Mentorship is a relationship where a more experienced individual shares their knowledge with a less experienced individual. The purpose of the process is to help the less experienced individual grow.

Needless to say, mentorships can be extremely valuable. This is especially true in the workplace. More knowledge can greatly improve the performance of newer employees, as well as help the company retain them longer.

If your organization is thinking of adopting a mentorship program, here are some ways you can help your employees get the most out of the experience.

Do Your Research

Research should be your first step towards developing a successful mentorship program. Research increases the likelihood that your mentorship program gives employees what they actually need from the experience.

One research tool you can use is a survey. Surveys are a great way to gauge what your employees are looking for in a mentorship program. You can ask them questions about their career goals and preferred communication styles.

The information you collect from your research can help mentors better understand what their mentees need. It can also help you match mentors and mentees with similar skillsets and goals.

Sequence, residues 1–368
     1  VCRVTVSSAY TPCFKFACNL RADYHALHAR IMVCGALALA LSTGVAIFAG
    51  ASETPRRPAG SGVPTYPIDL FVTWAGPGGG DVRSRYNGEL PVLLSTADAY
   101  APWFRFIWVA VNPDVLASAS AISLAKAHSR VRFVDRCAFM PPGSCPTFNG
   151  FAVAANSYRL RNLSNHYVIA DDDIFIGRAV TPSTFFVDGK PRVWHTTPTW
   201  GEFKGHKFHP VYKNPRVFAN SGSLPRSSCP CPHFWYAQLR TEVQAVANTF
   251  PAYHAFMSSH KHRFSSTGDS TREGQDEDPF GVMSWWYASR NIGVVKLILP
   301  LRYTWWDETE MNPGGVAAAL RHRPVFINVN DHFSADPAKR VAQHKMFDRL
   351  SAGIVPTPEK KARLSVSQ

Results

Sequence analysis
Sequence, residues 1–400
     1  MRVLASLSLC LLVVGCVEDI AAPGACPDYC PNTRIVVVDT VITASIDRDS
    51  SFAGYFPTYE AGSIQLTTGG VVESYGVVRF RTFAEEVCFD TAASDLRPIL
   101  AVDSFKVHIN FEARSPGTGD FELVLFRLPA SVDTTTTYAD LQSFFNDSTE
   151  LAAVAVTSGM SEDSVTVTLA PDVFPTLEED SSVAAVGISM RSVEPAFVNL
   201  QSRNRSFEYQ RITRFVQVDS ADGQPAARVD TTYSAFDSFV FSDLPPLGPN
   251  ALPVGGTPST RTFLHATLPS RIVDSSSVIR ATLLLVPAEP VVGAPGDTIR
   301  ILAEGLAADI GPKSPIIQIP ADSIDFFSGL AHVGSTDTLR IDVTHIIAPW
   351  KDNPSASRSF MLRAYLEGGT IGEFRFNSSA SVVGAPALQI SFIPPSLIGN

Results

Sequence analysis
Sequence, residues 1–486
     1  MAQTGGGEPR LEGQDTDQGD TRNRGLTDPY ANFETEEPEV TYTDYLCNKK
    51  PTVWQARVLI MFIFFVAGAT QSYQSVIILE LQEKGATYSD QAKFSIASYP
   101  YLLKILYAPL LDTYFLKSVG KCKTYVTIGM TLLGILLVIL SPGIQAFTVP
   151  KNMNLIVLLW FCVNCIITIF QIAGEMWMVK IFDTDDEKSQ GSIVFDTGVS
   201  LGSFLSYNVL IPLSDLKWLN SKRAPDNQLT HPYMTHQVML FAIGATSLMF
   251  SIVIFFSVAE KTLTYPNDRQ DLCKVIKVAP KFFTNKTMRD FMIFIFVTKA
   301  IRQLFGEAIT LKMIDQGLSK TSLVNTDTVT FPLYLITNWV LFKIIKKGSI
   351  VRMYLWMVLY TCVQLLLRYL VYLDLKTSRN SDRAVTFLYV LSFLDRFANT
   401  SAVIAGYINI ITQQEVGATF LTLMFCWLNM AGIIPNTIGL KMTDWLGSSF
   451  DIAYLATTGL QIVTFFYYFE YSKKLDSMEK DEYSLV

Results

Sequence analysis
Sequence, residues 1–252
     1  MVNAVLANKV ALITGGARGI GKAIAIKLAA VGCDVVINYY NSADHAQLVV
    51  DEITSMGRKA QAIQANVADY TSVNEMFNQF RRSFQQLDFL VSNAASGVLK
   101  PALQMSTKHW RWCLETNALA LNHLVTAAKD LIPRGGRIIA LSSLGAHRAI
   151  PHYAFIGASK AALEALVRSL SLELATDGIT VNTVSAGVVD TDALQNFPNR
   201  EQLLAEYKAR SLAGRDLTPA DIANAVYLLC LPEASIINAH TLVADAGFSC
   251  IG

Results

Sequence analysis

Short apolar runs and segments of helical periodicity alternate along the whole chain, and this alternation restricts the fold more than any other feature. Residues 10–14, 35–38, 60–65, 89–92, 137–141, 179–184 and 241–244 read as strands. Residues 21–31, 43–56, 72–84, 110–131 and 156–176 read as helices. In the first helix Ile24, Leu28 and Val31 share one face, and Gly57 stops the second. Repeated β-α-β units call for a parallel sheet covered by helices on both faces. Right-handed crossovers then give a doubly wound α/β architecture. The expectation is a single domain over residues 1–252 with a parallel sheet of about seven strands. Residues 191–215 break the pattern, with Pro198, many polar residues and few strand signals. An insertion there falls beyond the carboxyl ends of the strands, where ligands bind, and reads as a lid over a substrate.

Promote the Mentorship Program

Marketing your mentorship program is another important part of guaranteeing its success. A mentorship program that only a select few employees know about does not benefit your organization. Broaden the program’s scope to include more than the employees you surveyed once it goes live. This allows the program to benefit as many employees as possible, even the ones who may not have been aware of it.

Have Mentors and Mentees Define Their Goals

Goal setting is the next part of a successful mentorship program. While all knowledge is power, irrelevant knowledge can hurt your employees’ success in the long run.

You can ensure your employees receive the knowledge they need by promoting goal setting in your mentorship program. Goal setting helps a mentor and a mentee understand what their focus should be.

Additionally, goal setting helps a mentor and a mentee recognize the mentee’s progress. The mentee’s progress can become an important measurement of program success for the company later on.

Conclusion

85% of employees nationwide do not have a mentor, even though 97% believe that it would be beneficial to their career. If your organization is aiming to meet employee demand for mentorship programs, then consider following our tips to create a mentorship program that they will love.